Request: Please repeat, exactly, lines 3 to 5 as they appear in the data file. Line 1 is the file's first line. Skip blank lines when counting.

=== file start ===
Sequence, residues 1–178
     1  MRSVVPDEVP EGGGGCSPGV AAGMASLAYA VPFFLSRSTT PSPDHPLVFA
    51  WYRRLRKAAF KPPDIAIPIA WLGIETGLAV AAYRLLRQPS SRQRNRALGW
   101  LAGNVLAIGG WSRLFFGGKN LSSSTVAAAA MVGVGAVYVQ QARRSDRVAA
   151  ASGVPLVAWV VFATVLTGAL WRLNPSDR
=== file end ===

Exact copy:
    51  WYRRLRKAAF KPPDIAIPIA WLGIETGLAV AAYRLLRQPS SRQRNRALGW
   101  LAGNVLAIGG WSRLFFGGKN LSSSTVAAAA MVGVGAVYVQ QARRSDRVAA
   151  ASGVPLVAWV VFATVLTGAL WRLNPSDR